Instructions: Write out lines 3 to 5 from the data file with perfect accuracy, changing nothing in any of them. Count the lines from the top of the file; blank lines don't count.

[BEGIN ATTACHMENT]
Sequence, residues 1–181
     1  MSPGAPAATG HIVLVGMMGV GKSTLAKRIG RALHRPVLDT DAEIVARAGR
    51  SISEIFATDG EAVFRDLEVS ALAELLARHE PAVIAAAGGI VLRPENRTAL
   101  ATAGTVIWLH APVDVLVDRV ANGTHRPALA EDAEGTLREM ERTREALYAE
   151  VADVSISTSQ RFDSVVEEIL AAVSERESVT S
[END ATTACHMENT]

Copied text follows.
    51  SISEIFATDG EAVFRDLEVS ALAELLARHE PAVIAAAGGI VLRPENRTAL
   101  ATAGTVIWLH APVDVLVDRV ANGTHRPALA EDAEGTLREM ERTREALYAE
   151  VADVSISTSQ RFDSVVEEIL AAVSERESVT S